A tough but rewarding start to the trip across the Wapta

Statistics

4 - 5

hrs

848

m

274

m

29

max┬░

Difficulty

FATMAP difficulty grade

Difficult

Description

Longer and tougher than the Bow Lake entry to the Wapta Icefield, the Peyto Lake approach is the wild way to start the Wapta traverse.

Taking this line also makes the trip more aesthetic because it makes the traverse much more north-south than the Bow Lake route, which enters the Icefield side on. The first part of the day - accessing Peyto Lake from the Icefields Parkway - is the technical crux because it involves some steep, tight and awkward tree skiing.

There's no easy way to get down to Peyto Lake so just accept that it's all going to get a bit rowdy, get it done, and then get on with the day. Cross the lake and soak in the wild ambience and huge views up towards the peaks of the Wapta Icefield.

At the far end of the lake there are some rivers to cross, several of which might require you to take skis off and walk, depending on snow levels.

Getting your boots wet at this early stage of a trip would be pretty disastrous, so take care on the river crossings! As the valley south of the lake begins to tighten you need to access a blunt ridge up to the right.

We've shown a way onto it which doesn't involve skinning up any super steep terrain, but conditions might dictate that you take a slightly different line to one we've shown.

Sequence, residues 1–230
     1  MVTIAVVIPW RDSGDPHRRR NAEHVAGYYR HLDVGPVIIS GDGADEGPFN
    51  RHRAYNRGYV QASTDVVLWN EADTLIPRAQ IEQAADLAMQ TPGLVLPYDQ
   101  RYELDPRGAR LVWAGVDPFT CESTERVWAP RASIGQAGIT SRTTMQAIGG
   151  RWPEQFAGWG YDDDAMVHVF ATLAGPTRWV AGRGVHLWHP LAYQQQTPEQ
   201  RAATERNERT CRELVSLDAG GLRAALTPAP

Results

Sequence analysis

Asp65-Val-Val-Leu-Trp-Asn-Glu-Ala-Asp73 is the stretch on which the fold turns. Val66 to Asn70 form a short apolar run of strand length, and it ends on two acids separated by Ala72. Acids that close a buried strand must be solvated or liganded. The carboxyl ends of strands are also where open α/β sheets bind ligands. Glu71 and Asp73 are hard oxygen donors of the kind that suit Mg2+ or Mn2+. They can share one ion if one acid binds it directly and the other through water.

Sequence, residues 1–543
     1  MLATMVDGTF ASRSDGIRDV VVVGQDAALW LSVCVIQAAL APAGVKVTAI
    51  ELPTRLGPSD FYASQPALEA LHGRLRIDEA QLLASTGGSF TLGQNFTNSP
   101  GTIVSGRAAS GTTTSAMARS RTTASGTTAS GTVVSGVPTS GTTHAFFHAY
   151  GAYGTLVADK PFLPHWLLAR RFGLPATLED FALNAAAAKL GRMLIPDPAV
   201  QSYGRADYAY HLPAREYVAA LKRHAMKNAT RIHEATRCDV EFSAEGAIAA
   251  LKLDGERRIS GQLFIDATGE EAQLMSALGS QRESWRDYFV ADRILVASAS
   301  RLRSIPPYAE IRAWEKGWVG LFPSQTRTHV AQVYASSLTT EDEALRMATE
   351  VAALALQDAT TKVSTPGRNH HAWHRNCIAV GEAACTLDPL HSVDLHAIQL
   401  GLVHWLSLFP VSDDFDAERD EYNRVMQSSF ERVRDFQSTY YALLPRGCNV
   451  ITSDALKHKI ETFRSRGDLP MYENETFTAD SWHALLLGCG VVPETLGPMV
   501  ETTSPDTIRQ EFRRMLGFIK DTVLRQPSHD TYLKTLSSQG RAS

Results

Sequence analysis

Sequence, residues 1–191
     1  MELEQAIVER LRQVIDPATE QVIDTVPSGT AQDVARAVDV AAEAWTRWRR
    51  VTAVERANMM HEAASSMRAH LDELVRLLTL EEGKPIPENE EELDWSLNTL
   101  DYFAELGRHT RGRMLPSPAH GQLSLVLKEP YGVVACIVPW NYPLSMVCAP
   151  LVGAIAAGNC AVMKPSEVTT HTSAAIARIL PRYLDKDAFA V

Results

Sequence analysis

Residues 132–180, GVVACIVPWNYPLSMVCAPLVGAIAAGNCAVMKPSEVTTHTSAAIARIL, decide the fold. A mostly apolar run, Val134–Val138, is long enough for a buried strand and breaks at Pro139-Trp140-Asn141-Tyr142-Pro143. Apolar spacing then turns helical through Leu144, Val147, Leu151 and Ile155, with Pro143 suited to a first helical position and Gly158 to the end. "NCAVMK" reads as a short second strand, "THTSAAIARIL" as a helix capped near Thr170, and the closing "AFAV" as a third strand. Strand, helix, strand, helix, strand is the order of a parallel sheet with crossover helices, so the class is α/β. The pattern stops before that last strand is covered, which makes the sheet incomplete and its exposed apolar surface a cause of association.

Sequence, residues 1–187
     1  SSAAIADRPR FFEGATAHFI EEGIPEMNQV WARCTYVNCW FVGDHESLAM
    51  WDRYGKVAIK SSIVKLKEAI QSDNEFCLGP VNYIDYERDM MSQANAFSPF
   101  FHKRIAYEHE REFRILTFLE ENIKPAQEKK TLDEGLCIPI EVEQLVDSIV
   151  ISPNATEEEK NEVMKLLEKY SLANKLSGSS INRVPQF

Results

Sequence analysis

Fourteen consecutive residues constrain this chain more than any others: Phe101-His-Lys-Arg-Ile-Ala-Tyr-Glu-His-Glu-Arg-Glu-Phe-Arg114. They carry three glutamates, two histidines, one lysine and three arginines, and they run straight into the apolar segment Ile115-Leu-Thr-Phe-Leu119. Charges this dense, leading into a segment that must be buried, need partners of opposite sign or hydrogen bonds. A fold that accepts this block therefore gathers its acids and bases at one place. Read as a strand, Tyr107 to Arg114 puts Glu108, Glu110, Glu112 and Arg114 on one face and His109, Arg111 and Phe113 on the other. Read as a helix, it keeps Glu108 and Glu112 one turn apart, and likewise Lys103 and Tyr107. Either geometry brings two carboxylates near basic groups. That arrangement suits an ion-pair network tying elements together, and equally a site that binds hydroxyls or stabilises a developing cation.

Once on the ridge, skin up on the ridge crest and in a series of small bowls just to the right to reach a headwall which is too steep to skin.

Put your skis on your back and bootpack up and around the left hand side of the ridge to reach a gentle slope which leads across to a glaciology hut.

The hut is firmly locked up and can't be accessed so don't count on it to provide any shelter beyond cutting out the worst of the wind. Ski down from the glaciology hut to the toe of the Peyto Glacier and then climb it to the Peyto Hut.

After a long and winding ascent, the hut is a welcome sight and it's a traditional hut with a wonderful view.

18 people can fit in the hut (although it's a tight squeeze if there are more than 12) and there are mattresses and stoves but no blankets.

The hut must be booked in advance via the Alpine Club of Canada.